Dreiser’s fifth novel, The “Genius” (1915), was controversial for its portrayal of the artist as a person who is beyond conventional moral codes. Commentators maintain that this semiautobiographical work is Dreiser’s thinly veiled self-justification of his own behavior and view some unflatteringly portrayed characters as Dreiser’s revenge upon those who, he believed, had mistreated or misunderstood him. Sales of The “Genius” were initially good and early reviews largely favorable; however, in the year following its publication The Genius”” came to the attention of the New York Society for the Suppression of Vice, which labeled the book immoral and sought to block its distribution. Like other Americans of German descent, Dreiser was castigated and labeled “unpatriotic” during World War I (1914-1918). H. L. Mencken, who disapproved of the book on artistic grounds, nevertheless circulated a protest against the suppression of The Genius””. The protest was signed by hundreds of prominent American and British authors, including Robert Frost, Sinclair Lewis, Ezra Pound, and H. G. Wells.
A Career as Novelist Leads to Activism
The publication of An American Tragedy (1925) established Dreiser as among the country’s foremost novelists then living. In this story the protagonist, Clyde Griffiths, leaves his religious upbringing in Kansas City behind and travels to New York, where he is ruined by the American system. The book was inspired by and closely modeled on the real-life murder of Grace Brown by Chester Gillette in 1906. Dreiser had studied the case for years, and he was interested not only in the scandalous details of the murder but also in the social-class inequalities that drove the ambitious Gillette to kill his girlfriend. The book was a popular success and brought Dreiser financial security until the Great Depression, which began with the stock market crash of October 1929. Following An American Tragedy, Dreiser became involved in social and political affairs. He went to Russia in 1927 to observe the results of the Communist Revolution, and he published his findings in Dreiser Looks at Russia (1928). He also joined investigations of labor conditions in Kentucky coal mines in 1931.
Ideological Reversal and Activism
In his final novel, The Bulwark (1946), Dreiser seemingly repudiated both naturalism and the pessimistic determinism that informs his earlier novels. In The Bulwark the moral scruples of a Quaker businessman, Solon Barnes, conflict with the reality of American business dealings. In a reversal for Dreiser, Barnes, who upholds traditional mores and values, is portrayed sympathetically.
Dreiser published four autobiographical works, A Traveler at Forty (1913), A Hoosier Holiday (1916), A Book about Myself (1922), and Dawn (1931), as well as volumes of poetry, short stories, sketches, and essays, many of the latter pertaining to his social and political activism. Attention to this aspect of Dreiser’s life exceeded the critical attention given his literary works during the 1930s and 1940s. At the time of his death on December 28, 1945, Dreiser was better known as a social and political activist than as a novelist. He had not published a novel in twenty years, and his career as a novelist was considered by many to have ended with An American Tragedy.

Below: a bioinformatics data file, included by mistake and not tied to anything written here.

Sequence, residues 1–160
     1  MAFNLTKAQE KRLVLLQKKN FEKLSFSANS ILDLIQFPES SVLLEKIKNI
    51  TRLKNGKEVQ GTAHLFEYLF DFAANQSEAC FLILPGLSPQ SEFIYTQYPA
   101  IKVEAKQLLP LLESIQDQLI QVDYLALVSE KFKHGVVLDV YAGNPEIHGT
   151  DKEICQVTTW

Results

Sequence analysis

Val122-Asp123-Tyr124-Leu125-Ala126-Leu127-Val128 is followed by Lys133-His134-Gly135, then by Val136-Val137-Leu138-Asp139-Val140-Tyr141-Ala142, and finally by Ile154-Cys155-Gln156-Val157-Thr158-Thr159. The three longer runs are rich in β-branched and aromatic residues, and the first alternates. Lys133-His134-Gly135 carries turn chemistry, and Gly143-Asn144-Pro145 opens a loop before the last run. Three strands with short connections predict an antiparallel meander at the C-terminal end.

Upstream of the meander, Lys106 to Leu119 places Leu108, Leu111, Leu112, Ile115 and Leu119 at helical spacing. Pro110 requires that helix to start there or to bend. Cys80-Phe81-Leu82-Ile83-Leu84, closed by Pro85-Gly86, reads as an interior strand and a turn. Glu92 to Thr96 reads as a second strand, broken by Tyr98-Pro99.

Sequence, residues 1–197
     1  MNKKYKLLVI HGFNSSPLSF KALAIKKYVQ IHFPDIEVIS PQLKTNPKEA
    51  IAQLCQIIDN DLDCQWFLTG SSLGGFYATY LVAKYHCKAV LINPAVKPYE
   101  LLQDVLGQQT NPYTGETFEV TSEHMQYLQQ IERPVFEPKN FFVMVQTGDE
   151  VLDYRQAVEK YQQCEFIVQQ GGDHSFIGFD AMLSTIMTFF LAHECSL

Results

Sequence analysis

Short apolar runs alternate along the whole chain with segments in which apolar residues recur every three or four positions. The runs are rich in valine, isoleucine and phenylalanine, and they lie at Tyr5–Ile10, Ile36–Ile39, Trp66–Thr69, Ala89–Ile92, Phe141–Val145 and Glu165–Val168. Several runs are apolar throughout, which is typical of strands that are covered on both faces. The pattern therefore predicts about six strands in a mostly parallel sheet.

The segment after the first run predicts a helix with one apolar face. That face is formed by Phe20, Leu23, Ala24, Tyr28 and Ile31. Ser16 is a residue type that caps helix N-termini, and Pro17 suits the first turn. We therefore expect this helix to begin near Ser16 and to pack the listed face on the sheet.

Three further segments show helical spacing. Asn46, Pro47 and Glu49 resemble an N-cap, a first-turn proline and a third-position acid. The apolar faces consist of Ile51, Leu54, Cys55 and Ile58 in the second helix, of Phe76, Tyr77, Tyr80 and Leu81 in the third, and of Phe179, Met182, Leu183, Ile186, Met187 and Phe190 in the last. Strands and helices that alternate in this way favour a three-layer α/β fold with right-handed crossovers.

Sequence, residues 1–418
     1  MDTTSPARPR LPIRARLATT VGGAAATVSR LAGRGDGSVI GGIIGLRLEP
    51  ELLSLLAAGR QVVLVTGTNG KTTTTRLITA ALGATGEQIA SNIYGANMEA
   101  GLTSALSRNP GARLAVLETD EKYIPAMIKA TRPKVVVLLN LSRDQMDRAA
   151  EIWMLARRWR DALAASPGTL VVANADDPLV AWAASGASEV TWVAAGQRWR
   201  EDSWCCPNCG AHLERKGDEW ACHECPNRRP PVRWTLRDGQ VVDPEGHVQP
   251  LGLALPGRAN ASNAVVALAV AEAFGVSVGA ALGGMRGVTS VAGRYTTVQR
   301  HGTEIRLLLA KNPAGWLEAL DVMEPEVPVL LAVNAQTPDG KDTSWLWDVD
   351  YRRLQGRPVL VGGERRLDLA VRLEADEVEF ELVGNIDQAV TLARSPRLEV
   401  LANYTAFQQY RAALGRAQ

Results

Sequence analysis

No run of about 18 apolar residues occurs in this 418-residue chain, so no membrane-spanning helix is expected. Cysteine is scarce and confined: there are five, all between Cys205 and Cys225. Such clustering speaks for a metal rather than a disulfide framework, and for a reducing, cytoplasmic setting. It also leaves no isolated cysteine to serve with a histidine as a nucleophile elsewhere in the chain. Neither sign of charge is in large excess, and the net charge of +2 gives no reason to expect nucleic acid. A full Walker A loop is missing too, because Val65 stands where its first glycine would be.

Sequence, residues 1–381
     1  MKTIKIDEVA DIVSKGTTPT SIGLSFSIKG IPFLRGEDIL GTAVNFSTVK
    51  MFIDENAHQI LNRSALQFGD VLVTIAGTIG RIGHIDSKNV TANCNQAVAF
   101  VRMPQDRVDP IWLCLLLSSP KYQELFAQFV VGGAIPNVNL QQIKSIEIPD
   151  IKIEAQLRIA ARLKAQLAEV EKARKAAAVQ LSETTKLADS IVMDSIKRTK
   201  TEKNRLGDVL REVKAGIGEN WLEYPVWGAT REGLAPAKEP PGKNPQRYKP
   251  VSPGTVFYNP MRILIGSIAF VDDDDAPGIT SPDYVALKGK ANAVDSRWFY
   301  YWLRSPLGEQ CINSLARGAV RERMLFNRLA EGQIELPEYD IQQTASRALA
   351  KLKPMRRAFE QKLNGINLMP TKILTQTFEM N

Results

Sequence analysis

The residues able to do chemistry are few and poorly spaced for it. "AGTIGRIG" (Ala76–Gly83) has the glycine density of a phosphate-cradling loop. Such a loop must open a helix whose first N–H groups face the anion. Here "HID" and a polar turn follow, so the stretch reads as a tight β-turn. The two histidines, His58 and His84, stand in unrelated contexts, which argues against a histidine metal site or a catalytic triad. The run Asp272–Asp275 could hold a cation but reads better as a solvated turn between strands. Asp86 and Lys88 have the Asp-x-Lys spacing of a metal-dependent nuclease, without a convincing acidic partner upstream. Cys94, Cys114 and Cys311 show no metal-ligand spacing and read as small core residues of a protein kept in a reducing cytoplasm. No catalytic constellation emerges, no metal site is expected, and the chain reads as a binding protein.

Works in Literary Context
As one of the principal American exponents of literary naturalism at the turn of the century, Dreiser led the way for a generation of writers seeking to present a detailed and realistic portrait of American life. The philosophy of Herbert Spencer and the realism of Honore de Balzac influenced Dreiser’s beliefs and written work.
Naturalism and Biological Determinism
Naturalism was a movement in literature that sought to portray events and characters as realistically as possible. Another important element of naturalism is the idea that a story’s characters should be primarily affected by their environ mental, social, and genetic circumstances. In such novels as Sister Carrie and An American Tragedy, Dreiser departs from traditional plots in which hard work and perseverance inevitably yield success and happiness. Instead, he depicts the world as an arena of largely random occurrences. For example, Sister Carrie differs markedly from the gentility and timidity that characterized much realistic fiction during the nineteenth century. Dreiser uncompromisingly detailed the events that led his protagonist first into prostitution and then, as if the author were pointedly avoiding a moral, to the attainment of success and financial security as an actress. The novel illustrates Dreiser’s interpretation of complex human relationships as purely biological functions: Carrie exhibits what has been called ”neo-Darwinian adaptability,” surviving and prospering because she is able to adjust to whatever advantageous situations develop.